Borrowing from Demetrious Johnson's clear analysis, "it sucks" that the first flyweight card in UFC history went from epic to tragic to comic because a local bureaucrat wrote down the wrong score.
Listen to Joseph Benavidez, though, and you could get the impression that a draw marking one of the worst regulatory failings in MMA history isn't such a bad thing. That was his upbeat take after news broke that Johnson's majority decision over Ian McCall was really a majority draw. So went half of the UFC flyweight championship tournament Friday in Sydney.
With a one-way ticket to the final literally punched during an opening round drubbing of Yasuhiro Urushitani, Benavidez was free to sum up his outlook on the unexpected one-bout, undetermined-length extension. This is a paraphrase. He earned his way into the final, and so should his next opponent. McCall and Johnson have unfinished business that needs resolving as soon as possible. And then it's time to name the No. 1 flyweight in MMA.
When Johnson and McCall tangle again, they’ll walk to the cage hardened by a 15-minute battle. As anticipated, action was furious, highly competitive, with hints of danger the entire way. Then this whole process took on its own against-the-grain story when a score of "8" was mistaken for a "9."
While everyone commiserated with UFC president Dana White in wanting that extra round guaranteed under the rules of the tournament in event of a draw, the mistake wasn’t found until far too late. Both fighters cooled down and digested the result before they were told what really happened.
"Human error," White put it.
Five minutes of "sudden victory" sounds too good to be true. If you dare to dwell on how it goes down, the best moments of McCall-Johnson play like a highlight reel. At least, that’s the case for me.
In that respect watching Rounds 4 through 6 doesn’t seem so bad, either. The important thing, Benavidez again reminds us, is the notion that two worthwhile fighters meet in the final. The UFC has one locked in place. We’re a couple months and 15 (maybe 20) minutes from knowing the second. Probably. Do yourself a favor and scribble this episode down as a highlight of the opening chapter for flyweights and the UFC.
Think of it this way -- if surprise proves to be a hallmark of UFC's 125-pound division, we'll know how far to trace that back to.
Before last night's wrong was righted, I was almost ready to suggest that, in spite of the apparent result and all it seemed to cost him, McCall should leave Australia feeling like winner. Why? (For starters, he didn't lose.) But apropos to my point, he made a name for himself. Results are in; fans dig Uncle Creepy.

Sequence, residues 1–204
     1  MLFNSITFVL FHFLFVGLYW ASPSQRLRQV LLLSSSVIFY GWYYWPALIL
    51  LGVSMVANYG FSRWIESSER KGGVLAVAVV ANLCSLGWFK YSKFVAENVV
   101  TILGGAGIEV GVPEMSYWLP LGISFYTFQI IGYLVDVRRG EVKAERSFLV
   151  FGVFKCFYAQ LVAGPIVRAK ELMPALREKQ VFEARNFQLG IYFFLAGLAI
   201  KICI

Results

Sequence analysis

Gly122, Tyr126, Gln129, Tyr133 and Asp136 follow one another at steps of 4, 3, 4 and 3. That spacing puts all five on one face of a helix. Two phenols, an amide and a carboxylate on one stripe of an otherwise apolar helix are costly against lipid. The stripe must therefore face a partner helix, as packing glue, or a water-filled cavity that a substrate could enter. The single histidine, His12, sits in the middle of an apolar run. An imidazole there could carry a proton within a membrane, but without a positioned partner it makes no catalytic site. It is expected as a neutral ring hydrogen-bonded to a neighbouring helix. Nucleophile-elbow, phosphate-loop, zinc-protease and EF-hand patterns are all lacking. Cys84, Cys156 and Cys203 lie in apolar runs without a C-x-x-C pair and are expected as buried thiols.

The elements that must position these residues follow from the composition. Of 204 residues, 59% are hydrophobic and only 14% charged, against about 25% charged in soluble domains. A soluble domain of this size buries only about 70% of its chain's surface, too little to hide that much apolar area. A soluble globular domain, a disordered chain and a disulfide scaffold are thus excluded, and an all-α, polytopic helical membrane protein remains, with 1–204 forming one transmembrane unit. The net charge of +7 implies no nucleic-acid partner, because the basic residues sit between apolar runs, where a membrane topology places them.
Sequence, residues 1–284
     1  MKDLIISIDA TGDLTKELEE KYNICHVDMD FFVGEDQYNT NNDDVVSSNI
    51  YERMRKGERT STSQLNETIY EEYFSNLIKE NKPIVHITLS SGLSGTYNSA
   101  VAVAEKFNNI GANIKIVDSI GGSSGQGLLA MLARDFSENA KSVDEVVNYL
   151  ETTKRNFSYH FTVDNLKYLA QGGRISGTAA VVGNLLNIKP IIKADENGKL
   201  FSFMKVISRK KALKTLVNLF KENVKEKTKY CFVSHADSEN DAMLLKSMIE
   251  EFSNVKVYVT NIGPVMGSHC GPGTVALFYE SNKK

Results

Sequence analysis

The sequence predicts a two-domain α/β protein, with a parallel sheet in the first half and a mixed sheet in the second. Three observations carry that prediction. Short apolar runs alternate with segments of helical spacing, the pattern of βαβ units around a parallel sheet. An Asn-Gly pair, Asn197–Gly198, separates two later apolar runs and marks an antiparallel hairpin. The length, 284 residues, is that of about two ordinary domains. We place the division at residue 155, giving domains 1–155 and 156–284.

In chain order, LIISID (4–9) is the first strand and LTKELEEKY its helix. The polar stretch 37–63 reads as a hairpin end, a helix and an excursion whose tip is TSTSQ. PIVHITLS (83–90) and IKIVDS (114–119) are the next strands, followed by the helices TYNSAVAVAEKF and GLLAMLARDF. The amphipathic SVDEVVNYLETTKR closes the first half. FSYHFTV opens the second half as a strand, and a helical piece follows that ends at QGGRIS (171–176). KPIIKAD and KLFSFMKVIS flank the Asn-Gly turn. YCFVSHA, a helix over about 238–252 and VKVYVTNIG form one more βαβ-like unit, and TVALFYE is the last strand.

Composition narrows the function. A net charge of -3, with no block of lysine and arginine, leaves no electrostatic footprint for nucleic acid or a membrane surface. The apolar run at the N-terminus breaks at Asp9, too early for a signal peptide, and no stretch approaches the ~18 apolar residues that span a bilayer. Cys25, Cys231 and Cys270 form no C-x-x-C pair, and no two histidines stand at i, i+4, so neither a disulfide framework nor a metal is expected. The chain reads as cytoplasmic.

Shortly after Benavidez smoked Urushitani, I tweeted a simple poll question: "Benavidez or Johnson?" McCall finished a strong second. His heart was broken in Sydney and people saw that happen. Dreams of becoming the first 125-pound UFC champion were dashed. McCall's hurried exit from the cage indicated everything you needed to know about what he was feeling.
An hour spent absorbing difficult facts meant nothing after the regulatory commission admitted to screwing up the decision. From tragedy to comedy to who knows what's next. Surprisingly, McCall's protagonist role in front of the media afterward was decidedly less dramatic than what it probably called for.
"Things happen," he said. "Shoot, we get to fight again. You guys had a good time, right? So we'll put on another show. Whatever. I'm happy because I got a little vindicated, but we get to do it again and that's awesome."
At least White didn't allow McCall to get away with playing it too cool, chiming in about a less subdued reaction backstage. Hey, McCall has no reason to hide his excitement. An immediate rematch represents the best-case scenario for the 27-year-old Californian. He'll enjoy another payday as soon the pair are ready. And, most important, he remains in the running to be the first UFC flyweight champion.
For the division itself, a storybook start gave way to reality. From time to time, those things aren’t so far apart.